... now with 35% more arrogance!

Wednesday, October 20, 2010

Clone Project: Naval Movement

I've been looking over the naval rules next, especially with an eye towards condensing them. I'm working on the assumption that rafts, boats, and galleys are single-masted, while sailing ships are double-masted, because it lets me make two simplifications:
  • single-masted ships get a +5 to movement in a strong breeze, while double-masted ships get a +10;
  • single-masted ships get a -10 to movement when quarter-reaching, while double-masted ships suffer only a -5.
Oared vessels have a standard rowing speed that's a little slower than its single-masted sailing speed, equivalent to Light Breeze -5. Also, we can use the same terminology as aerial maneuvers, assigning a Maneuver of 1 to all ships, with a Response Time of 10 for oared vessels, 12 for sailed vessels. Ship size also affects speeds: -5 to movement for the larger version of the galley and merchant vessels.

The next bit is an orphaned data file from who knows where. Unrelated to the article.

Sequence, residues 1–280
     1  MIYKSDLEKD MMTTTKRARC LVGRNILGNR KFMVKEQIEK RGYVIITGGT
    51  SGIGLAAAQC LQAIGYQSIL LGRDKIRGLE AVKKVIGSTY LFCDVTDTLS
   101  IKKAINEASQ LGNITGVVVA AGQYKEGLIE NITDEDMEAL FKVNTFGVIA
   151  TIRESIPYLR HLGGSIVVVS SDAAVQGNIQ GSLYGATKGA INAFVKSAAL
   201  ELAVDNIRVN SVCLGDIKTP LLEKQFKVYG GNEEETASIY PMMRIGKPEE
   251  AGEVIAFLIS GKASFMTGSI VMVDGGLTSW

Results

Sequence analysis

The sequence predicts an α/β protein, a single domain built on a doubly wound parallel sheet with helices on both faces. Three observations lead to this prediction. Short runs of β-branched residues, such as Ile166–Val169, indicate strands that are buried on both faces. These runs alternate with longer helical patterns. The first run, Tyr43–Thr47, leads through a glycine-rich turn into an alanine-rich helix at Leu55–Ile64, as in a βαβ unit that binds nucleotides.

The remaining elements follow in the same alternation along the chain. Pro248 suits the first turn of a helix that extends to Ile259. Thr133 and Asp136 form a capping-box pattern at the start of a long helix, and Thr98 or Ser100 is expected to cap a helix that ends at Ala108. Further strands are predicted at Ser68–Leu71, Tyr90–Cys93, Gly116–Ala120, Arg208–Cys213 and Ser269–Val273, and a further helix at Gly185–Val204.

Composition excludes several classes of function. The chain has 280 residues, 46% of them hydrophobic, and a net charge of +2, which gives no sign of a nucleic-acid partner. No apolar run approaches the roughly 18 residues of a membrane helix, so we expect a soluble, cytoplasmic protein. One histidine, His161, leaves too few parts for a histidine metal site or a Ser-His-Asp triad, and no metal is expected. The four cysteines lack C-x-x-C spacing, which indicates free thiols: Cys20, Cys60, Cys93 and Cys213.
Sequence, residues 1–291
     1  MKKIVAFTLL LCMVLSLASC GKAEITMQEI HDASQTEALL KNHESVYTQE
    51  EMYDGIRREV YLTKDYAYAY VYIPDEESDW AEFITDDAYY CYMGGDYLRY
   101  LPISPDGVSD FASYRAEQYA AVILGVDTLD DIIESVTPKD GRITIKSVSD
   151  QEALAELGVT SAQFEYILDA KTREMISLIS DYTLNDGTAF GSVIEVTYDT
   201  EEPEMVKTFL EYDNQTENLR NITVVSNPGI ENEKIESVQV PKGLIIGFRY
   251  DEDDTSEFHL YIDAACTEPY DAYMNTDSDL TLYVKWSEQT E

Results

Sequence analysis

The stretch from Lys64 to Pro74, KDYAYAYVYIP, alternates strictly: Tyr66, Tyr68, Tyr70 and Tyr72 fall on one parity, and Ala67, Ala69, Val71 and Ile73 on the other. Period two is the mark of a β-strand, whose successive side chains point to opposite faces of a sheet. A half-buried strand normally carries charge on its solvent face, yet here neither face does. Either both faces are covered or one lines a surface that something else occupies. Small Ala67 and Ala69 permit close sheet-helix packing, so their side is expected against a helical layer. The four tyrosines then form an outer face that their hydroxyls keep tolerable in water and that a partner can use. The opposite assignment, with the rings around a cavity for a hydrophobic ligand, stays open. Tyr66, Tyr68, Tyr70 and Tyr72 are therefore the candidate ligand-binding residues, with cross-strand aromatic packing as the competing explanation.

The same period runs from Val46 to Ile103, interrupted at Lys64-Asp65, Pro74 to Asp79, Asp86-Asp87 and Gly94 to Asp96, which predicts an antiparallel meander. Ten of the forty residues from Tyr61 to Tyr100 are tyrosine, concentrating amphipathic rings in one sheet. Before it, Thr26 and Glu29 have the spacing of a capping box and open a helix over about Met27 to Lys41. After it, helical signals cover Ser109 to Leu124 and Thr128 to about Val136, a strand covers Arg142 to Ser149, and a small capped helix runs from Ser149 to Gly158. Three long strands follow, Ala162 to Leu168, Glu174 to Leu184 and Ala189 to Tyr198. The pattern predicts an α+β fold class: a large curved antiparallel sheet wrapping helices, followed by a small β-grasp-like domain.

Broad-reaching is halfway between full-speed and quarter-reaching. I know nothing about sailing, including its ancient forms, and the Wikipedia article on the points of sail is mostly about modern yachts, but it appears that quarter-reaching is the same as beam reach, occurring when the wind is perpendicular to the ship. I should be able to create a diagram similar to the one in the article that covers the basic sail information in visual form.

The crew of an oared vessel must rest after 10 turns of rowing, or 3 turns at +10 to movement, 15 turns at -5 to movement. Maritime barbarians (like Vikings) are better at operating an oared vessel: they get to add an extra turn of rowing to the fastest speed, 3 turns to standard speed, and 5 turns to the slowest.

River travel is at half sailing speed; oared speed is at full speed +/- 5 movement based on whether travel is downstream or upstream.

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